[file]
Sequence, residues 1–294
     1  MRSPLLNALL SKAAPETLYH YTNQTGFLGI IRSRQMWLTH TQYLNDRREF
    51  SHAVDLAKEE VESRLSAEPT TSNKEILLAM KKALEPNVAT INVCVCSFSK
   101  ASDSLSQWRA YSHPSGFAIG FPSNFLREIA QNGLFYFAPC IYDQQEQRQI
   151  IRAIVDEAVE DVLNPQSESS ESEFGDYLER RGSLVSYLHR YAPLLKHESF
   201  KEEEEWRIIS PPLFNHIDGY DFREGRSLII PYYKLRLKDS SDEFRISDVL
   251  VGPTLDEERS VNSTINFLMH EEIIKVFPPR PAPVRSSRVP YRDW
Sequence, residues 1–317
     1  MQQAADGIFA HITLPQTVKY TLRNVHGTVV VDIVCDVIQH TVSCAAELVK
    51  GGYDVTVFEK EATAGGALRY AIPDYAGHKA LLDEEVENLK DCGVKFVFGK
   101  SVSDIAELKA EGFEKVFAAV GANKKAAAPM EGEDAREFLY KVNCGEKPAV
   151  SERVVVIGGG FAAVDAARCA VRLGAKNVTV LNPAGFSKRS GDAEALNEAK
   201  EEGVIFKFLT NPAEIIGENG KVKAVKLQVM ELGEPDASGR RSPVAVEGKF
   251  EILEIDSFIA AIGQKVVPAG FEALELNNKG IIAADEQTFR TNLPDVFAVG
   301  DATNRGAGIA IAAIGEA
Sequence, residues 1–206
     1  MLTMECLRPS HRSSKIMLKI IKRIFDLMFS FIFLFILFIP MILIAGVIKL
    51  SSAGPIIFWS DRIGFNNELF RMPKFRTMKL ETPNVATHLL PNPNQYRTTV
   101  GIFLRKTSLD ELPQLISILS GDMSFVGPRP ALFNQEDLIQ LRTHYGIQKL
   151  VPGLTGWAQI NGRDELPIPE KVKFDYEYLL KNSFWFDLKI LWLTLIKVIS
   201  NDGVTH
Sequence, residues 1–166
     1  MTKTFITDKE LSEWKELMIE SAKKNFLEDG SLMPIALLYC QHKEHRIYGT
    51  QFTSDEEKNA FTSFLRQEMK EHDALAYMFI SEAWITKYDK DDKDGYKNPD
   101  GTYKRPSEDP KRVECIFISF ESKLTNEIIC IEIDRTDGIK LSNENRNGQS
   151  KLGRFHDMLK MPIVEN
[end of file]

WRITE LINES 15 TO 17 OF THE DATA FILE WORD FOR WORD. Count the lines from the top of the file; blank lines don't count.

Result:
   301  DATNRGAGIA IAAIGEA
Sequence, residues 1–206
     1  MLTMECLRPS HRSSKIMLKI IKRIFDLMFS FIFLFILFIP MILIAGVIKL